Analysis: City loses Lucas Museum; Rahm loses big, politically
Subscribe for unlimited digital access.
Try one month for $1!
Subscribe for unlimited digital access. Try one month for $1!
Movie mogul George Lucas’ decision to pull up stakes will cost Chicago a $743 million private investment, the jobs and contracts that come with it and a positive, albeit bizarre-looking addition to the museum campus.
But it’s also a political loss for Mayor Rahm Emanuel.
After expending an extraordinary amount of his diminished political capital to satisfy the billionaire creator of Star Wars fame, Emanuel now has nothing to show for it.
The mayor handed over 17 acres of prime lakefront land near Soldier Field for a project that Chicagoans never embraced or fully understood. He did it because Lucas wanted to build his legacy project near water.
Emanuel’s handpicked site selection committee went through the motions of holding public hearings and considering dozens of other sites.
But Chicagoans have seen that movie a thousand times before. It always ends with the guy with the clout — in this case, a billionaire movie-maker himself — getting what he wants. This time, Friends of the Parks changed the script.
In a news release, Lucas cited the group’s lawsuit targeting the city giveaway of a parking lot near Solider Field as the key reason for pulling out of Chicago.
“No one benefits from continuing their seemingly unending litigation to protect a parking lot,” Lucas said. “The actions initiated by Friends of Parks and their recent attempts to extract concessions from the city have effectively overridden approvals received from numerous democratically elected bodies of government.”
Mayor Rahm Emanuel also pinned the blame on the Friends of the Parks lawsuit.
“We tried to find common ground to resolve the lawsuit – the sole barrier preventing the start of the museum’s construction. But despite our best efforts to negotiate a common solution that would keep this tremendous cultural and economic asset in Chicago, Friends of the Parks chose to instead negotiate with themselves while Lucas negotiated with cities on the West Coast.”
Friends of the Park, too, cited their disappointment in the decision, arguing they’d rather Lucas choose another Chicago site.
“It is unfortunate that the Lucas Museum has made the decision to leave Chicago rather than locate the museum on one of the several alternative sites that are not on Chicago’s lakefront. That would have been the true win-win,” Friends of the Parks Executive Director Juanita Irizarry and Board Chair Lauren Moltz said in a statement.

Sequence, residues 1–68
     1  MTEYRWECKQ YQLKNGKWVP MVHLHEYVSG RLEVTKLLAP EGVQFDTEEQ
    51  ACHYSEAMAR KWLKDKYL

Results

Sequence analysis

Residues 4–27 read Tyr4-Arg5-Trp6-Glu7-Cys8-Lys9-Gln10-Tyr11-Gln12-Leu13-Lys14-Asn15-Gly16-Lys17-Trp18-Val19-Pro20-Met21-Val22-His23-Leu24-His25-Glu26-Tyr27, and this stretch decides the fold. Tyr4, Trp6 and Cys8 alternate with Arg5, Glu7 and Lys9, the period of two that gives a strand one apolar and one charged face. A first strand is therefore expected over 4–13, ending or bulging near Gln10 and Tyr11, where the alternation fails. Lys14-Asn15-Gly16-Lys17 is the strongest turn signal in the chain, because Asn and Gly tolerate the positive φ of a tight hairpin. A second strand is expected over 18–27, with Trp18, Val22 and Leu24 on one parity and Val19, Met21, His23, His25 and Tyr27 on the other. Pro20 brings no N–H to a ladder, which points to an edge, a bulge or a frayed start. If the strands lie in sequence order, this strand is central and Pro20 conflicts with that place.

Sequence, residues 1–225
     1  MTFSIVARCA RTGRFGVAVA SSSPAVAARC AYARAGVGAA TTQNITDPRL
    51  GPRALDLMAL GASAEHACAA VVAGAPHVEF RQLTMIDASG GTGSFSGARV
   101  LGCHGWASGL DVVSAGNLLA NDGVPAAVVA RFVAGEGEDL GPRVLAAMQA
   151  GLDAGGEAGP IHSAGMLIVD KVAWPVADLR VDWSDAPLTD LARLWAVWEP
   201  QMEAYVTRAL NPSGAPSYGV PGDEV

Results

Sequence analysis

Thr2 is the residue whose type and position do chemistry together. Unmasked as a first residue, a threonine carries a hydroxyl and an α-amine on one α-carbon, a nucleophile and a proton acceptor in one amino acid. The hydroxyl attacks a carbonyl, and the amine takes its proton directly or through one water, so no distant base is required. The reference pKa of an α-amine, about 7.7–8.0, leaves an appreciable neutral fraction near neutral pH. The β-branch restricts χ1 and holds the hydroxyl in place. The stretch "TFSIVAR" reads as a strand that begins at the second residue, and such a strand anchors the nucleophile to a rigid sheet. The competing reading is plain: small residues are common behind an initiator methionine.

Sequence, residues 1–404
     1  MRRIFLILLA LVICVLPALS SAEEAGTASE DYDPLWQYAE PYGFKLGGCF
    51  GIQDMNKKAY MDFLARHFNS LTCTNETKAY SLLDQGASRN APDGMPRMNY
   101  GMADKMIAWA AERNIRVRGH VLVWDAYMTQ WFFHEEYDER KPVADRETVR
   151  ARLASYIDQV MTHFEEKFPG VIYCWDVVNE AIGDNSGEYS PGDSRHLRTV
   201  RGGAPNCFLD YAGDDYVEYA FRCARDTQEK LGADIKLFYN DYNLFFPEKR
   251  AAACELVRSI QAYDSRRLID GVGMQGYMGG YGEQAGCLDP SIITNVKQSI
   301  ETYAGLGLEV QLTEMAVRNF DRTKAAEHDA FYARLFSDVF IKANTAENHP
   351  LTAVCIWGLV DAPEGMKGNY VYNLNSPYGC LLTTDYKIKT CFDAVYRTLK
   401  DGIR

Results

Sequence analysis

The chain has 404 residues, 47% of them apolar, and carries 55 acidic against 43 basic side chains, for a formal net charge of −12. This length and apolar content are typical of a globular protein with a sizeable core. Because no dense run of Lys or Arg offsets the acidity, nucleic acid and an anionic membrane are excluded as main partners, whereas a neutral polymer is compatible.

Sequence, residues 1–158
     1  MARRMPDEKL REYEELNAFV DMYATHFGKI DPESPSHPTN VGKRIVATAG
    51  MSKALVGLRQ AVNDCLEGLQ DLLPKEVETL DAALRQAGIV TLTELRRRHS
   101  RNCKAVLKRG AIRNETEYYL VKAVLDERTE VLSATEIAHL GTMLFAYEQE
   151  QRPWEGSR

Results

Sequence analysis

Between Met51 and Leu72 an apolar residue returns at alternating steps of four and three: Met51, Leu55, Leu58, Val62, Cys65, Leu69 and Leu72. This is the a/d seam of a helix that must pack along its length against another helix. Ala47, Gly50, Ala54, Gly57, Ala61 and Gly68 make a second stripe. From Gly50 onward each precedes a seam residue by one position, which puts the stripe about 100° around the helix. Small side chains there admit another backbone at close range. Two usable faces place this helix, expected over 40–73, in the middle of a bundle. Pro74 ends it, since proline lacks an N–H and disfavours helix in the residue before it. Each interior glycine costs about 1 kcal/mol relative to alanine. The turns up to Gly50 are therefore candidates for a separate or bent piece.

The fact that Lucas was never willing to consider available sites away from the lakefront, either at the old Michael Reese Hospital site or on rail yards west of Lake Shore Drive, underscores his image as a Hollywood prima donna.
Emanuel, whose brother is the most powerful agent in Hollywood, was willing to appease Lucas even if it meant giving away lakefront land that wasn’t his to give.
He was even willing to try an improbable end-run around the federal judge who had sympathized with Friends of the Parks’ central argument and kept the group’s lawsuit alive: That a 99-year lease “effectively surrenders control” of prime lakefront property to a museum that is “not for the benefit of the public” but would “promote private and/or commercial interests.”
The fact that Lucas was unwilling to wait around for that federal appeals court ruling showed how much of a legal long-shot it was.
The only other site that Lucas was willing to consider was also on the lakefront. And from the standpoint of mayoral politics, the second site was even worse than the first.
It once again opened Emanuel to the charge that he was out of touch with everyday Chicagoans with priorities that were out of whack.
The mayor was so desperate to salvage the project, he offered to demolish the above-ground portion of McCormick Place East and replace the lost convention space by borrowing $1.2 billion and extending the life of five tourism taxes.
That was a non-starter at a time when the marathon state budget stalemate has cut off funds to vital social services, state universities and college scholarships to needy students and when Chicago parents are wondering whether their public schools will open on time this fall.
When Friends of the Parks agreed to negotiate on the McCormick Place site — conveniently after the deal was already dead — the group hurt itself but didn’t help Emanuel. His image as “Mayor 1 percent” was reinforced.
Now, Lucas is taking his ball — er, museum — and going home to California where his collection of artwork and movie-making memorabilia probably belongs.
Emanuel can rightly blame Friends of the Parks for being a mercurial and unreliable negotiating partner.
He can demonize the group, label them “Friends of the Parking Lot” and accuse them of “extortion” for making a brazen, 11th-hour demand for 5 percent of revenues from the one museum that was not going to receive a taxpayer subsidy.
But, while Friends of the Parks has lost credibility, Emanuel has lost political capital he could not afford to waste.
Nobody can fault a mayor of Chicago for going after a nearly $1 billion private investment that could put people to work while attracting tourists and enthralling and educating local residents.
But when you stick your political neck out as far as Emanuel did, you had better make sure you come away with the win.
The long-running Lucas Museum saga looks more like a repeat of former Mayor Richard M. Daley’s Olympics folly: A political diversion from more pressing problems that wasted time and energy, only to go up in flames.